A telephone company, also known as a telco, telephone service provider,[1] or telecommunications operator, is a kind of communications service provider (CSP) (more precisely a telecommunications service provider or TSP) that provides telecommunications services such as telephony and data communications access. Many telephone companies were at one time government agencies or privately owned but state-regulated monopolies. The government agencies are often referred to, primarily in Europe, as PTTs (postal, telegraph and telephone services).[2] Telephone companies are common carriers, and in the United States
United States
are also called local exchange carriers
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Modem
A modem (modulator–demodulator) is a network hardware device that modulates one or more carrier wave signals to encode digital information for transmission and demodulates signals to decode the transmitted information. The goal is to produce a signal that can be transmitted easily and decoded to reproduce the original digital data. Modems can be used with any means of transmitting analog signals, from light-emitting diodes to radio. A common type of modem is one that turns the digital data of a computer into modulated electrical signal for transmission over telephone lines and demodulated by another modem at the receiver side to recover the digital data. Modems are generally classified by the maximum amount of data they can send in a given unit of time, usually expressed in bits per second (symbol bit(s), sometimes abbreviated "bps"), or bytes per second (symbol B(s)). Modems can also be classified by their symbol rate, measured in baud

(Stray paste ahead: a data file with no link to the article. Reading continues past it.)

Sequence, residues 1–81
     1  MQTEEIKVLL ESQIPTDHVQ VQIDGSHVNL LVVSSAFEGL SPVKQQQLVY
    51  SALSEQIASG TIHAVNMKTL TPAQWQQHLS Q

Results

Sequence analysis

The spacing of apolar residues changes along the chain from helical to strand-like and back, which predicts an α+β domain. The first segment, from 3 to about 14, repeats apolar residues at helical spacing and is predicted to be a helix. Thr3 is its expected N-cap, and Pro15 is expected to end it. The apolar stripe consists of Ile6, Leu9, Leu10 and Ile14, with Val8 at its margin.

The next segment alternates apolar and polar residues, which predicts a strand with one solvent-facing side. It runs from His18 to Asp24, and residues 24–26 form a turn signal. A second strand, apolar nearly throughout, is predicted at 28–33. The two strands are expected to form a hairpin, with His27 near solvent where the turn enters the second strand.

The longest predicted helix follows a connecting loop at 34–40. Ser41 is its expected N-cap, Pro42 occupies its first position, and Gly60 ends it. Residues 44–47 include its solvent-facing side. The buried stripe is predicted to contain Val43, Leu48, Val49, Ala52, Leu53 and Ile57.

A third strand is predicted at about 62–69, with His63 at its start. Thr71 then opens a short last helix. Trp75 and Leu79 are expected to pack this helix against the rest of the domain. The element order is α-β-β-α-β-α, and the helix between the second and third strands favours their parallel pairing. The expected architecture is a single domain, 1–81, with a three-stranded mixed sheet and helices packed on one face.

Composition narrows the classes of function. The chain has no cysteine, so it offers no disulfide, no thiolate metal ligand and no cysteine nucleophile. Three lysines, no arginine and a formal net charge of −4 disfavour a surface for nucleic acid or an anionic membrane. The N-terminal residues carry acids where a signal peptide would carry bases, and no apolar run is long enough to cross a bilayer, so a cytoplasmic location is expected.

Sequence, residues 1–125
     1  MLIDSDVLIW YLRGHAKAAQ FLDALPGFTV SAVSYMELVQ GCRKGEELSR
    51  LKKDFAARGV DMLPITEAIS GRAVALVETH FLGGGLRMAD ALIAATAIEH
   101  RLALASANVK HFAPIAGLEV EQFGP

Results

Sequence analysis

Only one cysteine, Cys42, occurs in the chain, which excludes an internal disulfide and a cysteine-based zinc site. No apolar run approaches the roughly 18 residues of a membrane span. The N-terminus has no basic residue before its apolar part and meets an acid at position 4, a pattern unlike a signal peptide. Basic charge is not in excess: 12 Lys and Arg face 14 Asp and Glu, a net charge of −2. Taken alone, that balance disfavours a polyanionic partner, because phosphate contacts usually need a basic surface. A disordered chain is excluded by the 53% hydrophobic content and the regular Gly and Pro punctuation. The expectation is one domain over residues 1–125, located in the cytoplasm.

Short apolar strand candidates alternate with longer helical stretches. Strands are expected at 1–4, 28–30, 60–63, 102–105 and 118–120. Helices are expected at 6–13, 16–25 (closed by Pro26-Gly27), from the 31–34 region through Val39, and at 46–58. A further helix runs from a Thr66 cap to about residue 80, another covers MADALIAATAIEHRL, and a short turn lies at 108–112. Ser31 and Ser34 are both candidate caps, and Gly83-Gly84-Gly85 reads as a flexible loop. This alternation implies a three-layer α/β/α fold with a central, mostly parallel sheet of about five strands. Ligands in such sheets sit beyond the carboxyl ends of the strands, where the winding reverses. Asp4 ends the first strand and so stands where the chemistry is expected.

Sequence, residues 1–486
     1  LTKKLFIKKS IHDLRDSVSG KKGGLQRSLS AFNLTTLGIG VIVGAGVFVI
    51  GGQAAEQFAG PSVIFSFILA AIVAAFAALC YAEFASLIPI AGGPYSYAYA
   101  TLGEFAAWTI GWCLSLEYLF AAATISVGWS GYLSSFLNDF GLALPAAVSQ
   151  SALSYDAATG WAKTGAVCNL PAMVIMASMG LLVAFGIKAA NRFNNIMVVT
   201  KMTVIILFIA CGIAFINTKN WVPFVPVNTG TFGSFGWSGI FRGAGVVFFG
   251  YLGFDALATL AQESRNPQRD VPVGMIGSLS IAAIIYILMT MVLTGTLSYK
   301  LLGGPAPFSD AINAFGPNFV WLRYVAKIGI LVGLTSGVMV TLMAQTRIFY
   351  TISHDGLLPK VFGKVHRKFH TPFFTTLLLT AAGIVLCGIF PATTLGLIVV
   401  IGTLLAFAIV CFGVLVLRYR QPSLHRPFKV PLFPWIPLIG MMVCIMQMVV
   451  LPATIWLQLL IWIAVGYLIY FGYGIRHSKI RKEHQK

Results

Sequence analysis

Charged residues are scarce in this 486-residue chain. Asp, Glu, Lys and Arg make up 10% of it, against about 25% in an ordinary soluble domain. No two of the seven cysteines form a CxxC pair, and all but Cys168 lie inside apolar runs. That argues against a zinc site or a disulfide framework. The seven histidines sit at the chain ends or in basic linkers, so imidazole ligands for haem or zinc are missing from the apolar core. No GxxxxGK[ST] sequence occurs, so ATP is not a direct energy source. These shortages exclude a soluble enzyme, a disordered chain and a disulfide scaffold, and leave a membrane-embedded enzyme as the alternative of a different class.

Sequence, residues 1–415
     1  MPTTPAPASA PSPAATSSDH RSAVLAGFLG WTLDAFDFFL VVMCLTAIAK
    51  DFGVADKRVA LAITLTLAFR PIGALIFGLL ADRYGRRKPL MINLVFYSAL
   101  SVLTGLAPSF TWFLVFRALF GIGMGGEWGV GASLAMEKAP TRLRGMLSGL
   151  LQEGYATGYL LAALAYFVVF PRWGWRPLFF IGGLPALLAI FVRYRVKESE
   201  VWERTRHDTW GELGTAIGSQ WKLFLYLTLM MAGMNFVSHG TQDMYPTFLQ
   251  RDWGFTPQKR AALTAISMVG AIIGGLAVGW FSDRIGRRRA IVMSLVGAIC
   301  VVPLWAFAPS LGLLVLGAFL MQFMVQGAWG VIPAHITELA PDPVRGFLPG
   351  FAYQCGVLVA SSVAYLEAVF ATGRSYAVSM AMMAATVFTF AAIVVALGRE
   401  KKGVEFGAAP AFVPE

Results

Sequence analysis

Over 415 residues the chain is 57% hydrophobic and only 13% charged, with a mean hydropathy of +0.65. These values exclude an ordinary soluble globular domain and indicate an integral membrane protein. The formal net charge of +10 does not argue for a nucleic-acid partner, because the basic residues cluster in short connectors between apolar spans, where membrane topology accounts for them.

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Sound
In physics, sound is a vibration that typically propagates as an audible wave of pressure, through a transmission medium such as a gas, liquid or solid. In human physiology and psychology, sound is the reception of such waves and their perception by the brain.[1] Humans can only hear sound waves as distinct pitches when the frequency lies between about 20 Hz and 20 kHz. Sound
Sound
above 20 kHz is ultrasound and is not perceptible by humans. Sound
Sound
waves below 20 Hz are known as infrasound
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DVD
DVD
DVD
(an abbreviation of "digital video disc"[5] or "digital versatile disc"[6][7]) is a digital optical disc storage format invented and developed by Philips
Philips
and Sony
Sony
in 1995. The medium can store any kind of digital data and is widely used for software and other computer files as well as video programs watched using DVD
DVD
players. DVDs offer higher storage capacity than compact discs while having the same dimensions. Prerecorded DVDs are mass-produced using molding machines that physically stamp data onto the DVD. Such discs are a form of DVD-ROM because data can only be read and not written or erased. Blank recordable DVD
DVD
discs ( DVD-R
DVD-R
and DVD+R) can be recorded once using a DVD recorder and then function as a DVD-ROM
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Write Once Read Many